Paradise is no more. The town in California, ravaged by the recent wildfires, looks like a post-apocalyptic ghost town. The disaster hit so suddenly that many of the town’s residents were only saved by the skin of their teeth; many didn’t make it and died where they were. Sadly, it is the latest, but not a one-off tragic event on such a massive scale. Less than a couple of months ago a deadly tsunami hit Indonesia, leaving behind damaged property, settlements razed to the ground and over a thousand dead. You might also remember the deadly floods in the Indian state of Kerala, as well as many other natural disasters around the world. Each of them left behind a trail of material, physical and mental devastation. Each of those tragic events has been the end of the world for the affected as they knew it.

As we approach the end of the liturgical year, the biblical Mass readings focus on apocalyptic predictions and visions. Expectations of Judgement Day in the form of cataclysmic natural disasters were a popular genre among biblical prophets. To a great extent, the gaping inequality between powerful and influential elites, and the powerless, exploited and abused majority, drove beliefs that the former would eventually be punished for their misdeeds, pride and boastfulness, while the latter would be rewarded for enduring their hardships. Natural disasters, a common lethal and fearful experience in ancient times, offered a powerful image of such a final judgement. There is however one crucial flaw with taking a literal interpretation of such disasters as due punishment of God: the disasters occur indiscriminately. Wildfires, floods, storms, earthquakes, volcanic eruptions and so on, struck each and every one of those people in the affected area: good and bad, poor and rich, young and old, dimwits and eggheads alike. In fact, if anyone is in a position to survive such disasters, it’s usually those who are better-off, who have the means to rebuild their lives. It’s the poorest who tend to be hit the hardest.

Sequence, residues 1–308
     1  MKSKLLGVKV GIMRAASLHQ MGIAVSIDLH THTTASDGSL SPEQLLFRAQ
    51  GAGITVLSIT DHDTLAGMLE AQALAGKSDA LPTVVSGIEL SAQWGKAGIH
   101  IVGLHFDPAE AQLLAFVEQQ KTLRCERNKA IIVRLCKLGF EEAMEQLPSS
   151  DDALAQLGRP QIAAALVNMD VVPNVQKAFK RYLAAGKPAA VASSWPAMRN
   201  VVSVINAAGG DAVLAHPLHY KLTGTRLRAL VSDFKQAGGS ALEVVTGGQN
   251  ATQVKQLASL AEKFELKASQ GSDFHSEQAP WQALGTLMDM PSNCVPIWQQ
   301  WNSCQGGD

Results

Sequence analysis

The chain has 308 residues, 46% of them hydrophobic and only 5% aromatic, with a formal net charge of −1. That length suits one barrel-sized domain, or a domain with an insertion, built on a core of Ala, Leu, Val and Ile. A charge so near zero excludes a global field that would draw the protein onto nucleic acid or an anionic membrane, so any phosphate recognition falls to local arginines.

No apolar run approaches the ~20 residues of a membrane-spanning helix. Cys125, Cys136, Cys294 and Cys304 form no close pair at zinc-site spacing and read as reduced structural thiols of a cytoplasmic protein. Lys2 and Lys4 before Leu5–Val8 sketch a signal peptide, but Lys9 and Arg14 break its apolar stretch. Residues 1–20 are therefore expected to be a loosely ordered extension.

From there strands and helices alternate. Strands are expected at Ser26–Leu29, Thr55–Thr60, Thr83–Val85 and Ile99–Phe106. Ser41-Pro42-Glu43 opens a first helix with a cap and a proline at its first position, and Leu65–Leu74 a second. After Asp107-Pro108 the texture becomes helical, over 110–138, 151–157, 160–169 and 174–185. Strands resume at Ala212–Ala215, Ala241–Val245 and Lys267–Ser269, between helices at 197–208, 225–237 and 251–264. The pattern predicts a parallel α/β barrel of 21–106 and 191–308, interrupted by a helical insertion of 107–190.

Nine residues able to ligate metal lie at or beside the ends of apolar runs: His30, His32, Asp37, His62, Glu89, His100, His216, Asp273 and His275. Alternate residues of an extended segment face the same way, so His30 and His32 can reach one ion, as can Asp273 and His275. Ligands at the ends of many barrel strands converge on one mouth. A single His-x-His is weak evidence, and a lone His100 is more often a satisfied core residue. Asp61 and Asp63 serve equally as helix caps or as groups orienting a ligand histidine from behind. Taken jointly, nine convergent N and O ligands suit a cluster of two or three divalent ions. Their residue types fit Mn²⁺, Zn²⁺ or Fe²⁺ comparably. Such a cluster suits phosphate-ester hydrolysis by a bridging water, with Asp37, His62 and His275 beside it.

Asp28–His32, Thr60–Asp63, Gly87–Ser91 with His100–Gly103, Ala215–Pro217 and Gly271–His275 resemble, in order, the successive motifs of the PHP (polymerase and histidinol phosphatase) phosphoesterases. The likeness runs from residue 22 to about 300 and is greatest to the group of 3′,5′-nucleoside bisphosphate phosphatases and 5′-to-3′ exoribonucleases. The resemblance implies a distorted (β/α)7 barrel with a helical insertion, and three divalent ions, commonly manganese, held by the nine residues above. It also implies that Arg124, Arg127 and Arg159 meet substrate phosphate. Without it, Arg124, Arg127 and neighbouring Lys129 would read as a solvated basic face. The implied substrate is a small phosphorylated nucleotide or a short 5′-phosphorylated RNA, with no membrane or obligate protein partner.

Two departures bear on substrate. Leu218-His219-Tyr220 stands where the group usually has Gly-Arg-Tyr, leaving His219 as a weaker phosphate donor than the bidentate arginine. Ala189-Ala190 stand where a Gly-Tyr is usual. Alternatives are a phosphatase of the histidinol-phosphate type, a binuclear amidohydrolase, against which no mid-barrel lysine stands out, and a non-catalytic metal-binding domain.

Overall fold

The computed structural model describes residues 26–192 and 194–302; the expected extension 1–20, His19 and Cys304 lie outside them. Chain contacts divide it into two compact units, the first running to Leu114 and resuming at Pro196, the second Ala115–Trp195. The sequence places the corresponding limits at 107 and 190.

So, where does that leave us with the biblical cataclysmic, apocalyptic imagery? Even Jesus offers us such a vision, as we heard in today’s gospel. The clue lies in the closing phrase: ‘As for that day and hour, nobody knows it, neither the angels of heaven, nor the Son; no one but the Father.’ The message conveyed by Jesus here and in other passages is that his followers should always be spiritually and morally prepared as if the end of the world were just around the corner. He bids us not to postpone repentance or acts of charity to an uncertain and indeterminate future. That’s the main message of all those apocalyptic visions in the Bible: that we don’t really know what tomorrow will bring or even whether we will see tomorrow. So, make the best of the here-and-now because it’s the only time at your disposal.

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